The world’s supply chains have been severely damaged by the COVID-19 pandemic; in fact there are already conversations around ending them as a practice all together.
But though some products should be built in the US (PPE, ventilators, and other vital medical equipment), it’s a different story for the tech industry as it relies on highly sophisticated components that are very complicated to put together.
Unfortunately, I don’t see capacitor and resistor manufacturing coming back to the US. We don’t have enough chip fabricators within the country to meet demand, and it will take years to build facilities capable of matching overseas capabilities such as 7nm fabrication.
So what should companies be doing to protect supply chains during this crisis?
Companies shouldn’t try to break up current supply chains but embrace and strengthen them. Before my current role as CFO of Pensando, I spent over 20 years managing Cisco operations and securing the company’s manufacturing needs.
In that time I navigated multiple crises that disrupted its supply chain including the SARS and Swine Flu pandemics, the 2008 recession, and the 2011 tsunami in Japan. Based on that experience, I’ve learned that the best path forward through a crisis is to be a benevolent partner to your suppliers and manufacturers. Being transparent and equitable while building long term plans that ensure everyone succeeds.
Be equitable and transparent
Right now, almost 75% of companies have supply chain disruptions in some capacity due to coronavirus-related transportation restrictions. You might be tempted to act selfishly to protect your own business, but remember, everyone else is struggling as well.
During good times you can be a hardass that squeezes suppliers for the best deal, but when things are rough it’s time to ease back. There will be pressure from other executives to improve the bottom line regardless of circumstance, but you’ll need to ignore that.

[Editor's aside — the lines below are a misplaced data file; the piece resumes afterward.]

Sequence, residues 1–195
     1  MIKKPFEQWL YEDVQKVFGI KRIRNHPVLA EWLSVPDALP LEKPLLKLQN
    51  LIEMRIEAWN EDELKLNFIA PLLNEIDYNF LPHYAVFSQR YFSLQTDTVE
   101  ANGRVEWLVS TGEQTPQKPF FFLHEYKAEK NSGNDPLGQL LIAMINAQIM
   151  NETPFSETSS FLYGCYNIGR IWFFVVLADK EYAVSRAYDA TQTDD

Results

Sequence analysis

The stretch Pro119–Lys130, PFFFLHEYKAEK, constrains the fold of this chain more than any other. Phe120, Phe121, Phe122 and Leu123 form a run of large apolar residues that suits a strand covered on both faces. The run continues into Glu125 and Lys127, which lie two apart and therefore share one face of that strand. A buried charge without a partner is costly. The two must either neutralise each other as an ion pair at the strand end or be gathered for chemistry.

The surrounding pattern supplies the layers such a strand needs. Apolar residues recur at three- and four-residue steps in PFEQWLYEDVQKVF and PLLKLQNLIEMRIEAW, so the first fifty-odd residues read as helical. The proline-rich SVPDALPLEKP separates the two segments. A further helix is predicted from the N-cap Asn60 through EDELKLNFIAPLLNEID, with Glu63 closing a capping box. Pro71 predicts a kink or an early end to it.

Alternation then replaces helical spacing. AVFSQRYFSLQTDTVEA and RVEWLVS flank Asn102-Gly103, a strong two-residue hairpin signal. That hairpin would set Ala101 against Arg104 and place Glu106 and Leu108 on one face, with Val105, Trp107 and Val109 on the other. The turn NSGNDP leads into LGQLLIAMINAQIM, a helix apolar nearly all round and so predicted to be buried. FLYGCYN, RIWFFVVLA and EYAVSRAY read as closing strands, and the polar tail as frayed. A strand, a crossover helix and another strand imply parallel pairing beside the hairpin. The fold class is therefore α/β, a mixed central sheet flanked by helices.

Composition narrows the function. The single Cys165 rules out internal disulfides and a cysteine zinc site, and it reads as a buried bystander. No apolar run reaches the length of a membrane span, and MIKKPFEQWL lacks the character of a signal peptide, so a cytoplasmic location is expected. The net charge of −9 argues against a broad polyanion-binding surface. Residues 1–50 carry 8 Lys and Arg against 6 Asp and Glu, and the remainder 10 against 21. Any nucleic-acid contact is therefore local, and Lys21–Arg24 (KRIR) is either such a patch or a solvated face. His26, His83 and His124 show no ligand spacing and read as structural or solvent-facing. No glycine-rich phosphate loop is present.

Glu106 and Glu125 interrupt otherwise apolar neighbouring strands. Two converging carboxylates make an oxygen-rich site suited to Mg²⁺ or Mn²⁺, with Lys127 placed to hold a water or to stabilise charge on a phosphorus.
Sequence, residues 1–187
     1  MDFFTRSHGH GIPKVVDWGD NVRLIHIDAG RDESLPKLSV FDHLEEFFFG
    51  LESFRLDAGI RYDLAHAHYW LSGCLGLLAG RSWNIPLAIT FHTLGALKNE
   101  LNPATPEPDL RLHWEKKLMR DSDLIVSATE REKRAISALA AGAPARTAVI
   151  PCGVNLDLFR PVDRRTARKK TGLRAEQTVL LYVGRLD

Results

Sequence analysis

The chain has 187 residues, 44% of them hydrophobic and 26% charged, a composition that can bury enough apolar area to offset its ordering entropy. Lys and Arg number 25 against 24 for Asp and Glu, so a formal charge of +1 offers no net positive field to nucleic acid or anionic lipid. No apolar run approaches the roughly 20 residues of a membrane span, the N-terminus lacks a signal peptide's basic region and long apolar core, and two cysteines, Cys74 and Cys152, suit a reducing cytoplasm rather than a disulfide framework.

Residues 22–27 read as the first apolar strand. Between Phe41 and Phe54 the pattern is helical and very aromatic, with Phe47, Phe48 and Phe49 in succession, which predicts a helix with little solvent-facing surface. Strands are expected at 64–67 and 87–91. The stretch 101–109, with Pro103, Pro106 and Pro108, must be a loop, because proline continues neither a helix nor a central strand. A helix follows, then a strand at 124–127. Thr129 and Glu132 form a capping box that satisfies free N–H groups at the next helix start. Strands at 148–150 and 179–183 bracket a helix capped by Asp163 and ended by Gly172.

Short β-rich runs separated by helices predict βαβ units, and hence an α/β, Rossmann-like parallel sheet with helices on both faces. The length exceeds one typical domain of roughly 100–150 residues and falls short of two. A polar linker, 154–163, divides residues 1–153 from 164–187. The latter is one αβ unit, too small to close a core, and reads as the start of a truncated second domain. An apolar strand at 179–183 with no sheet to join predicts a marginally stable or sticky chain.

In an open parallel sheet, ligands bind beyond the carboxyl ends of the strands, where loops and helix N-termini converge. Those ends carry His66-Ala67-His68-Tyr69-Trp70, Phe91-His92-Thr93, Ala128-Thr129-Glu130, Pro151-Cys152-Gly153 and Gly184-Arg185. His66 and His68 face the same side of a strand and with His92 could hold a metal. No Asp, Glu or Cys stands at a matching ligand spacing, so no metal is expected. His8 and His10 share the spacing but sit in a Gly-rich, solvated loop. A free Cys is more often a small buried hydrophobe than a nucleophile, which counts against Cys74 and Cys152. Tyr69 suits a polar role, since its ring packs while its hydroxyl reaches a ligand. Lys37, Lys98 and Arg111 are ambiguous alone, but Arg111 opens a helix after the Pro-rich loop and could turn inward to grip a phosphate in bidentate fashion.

You’ll also want to stay honest in explaining your situation to suppliers and partners, even if that’s going to hurt your own business, and honor deals that have become costly due to the changing circumstances, even if it’s tempting to walk away.
These guidelines will mean you’re an open and fair partner, and people are going to want to work with you to solve issues. Your partner companies will want to put their best brains in the room with your team and find new solutions to supply chain problems, such as new component sourcing or prototyping, that you wouldn’t get on your own.
Planning for the long term
Always build a plan for six months after, one year after, and three years after a supply chain interruption. Then ensure these plans can scale - if you’re planning on shipping 25,000 units this year, create a downsizing plan for 15,000 units, while also laying out a “knock it out of the park” plan for 150,000 units.
This is crucial to making sure you don’t make false promises and can still honor deals. As part of these long term plans, you’ll need to determine how you can help out your partners. At Cisco we invested a great deal of time and money into strengthening our distribution channel. We trained, financed, and certified them, treating them better than everyone else. As a result, Cisco still has a phenomenal ecosystem of channel partners that sticks with them.
My old boss, former Cisco CEO John Chambers, always said you want a partner for life. Eventually the crisis will be over, and you’ll want partners to remember you as someone they want in their corner. By preparing and investing in partners, you’ll ensure people want to continue working with you and thus ensure future deals and revenue.
Good partners require good company culture
Cisco was able to maintain its benevolent partner culture not only because of business rewards but because that was part of its company values. Cisco really pushes nonprofit work though its foundation, and strives to be a company where employees can become better citizens and community members.
Being a good citizen and supply chain partner are tied. When that becomes a cultural norm, you have to live up to it. For example, I wasn’t too surprised by HPE’s commitment of $2 billion in relief to struggling enterprises, on top of additional efforts to use its resources to assist COVID-19 fighting nonprofits. The company has a history of giving back to their communities, so it’s only natural they’d continue to do so during this pandemic. HPE and other companies on similar paths will ultimately come out of this pandemic much stronger than before.
They’ll not only improve their reputation, but their investments will pay off as their customers and partners will remember them as a partner to keep for life.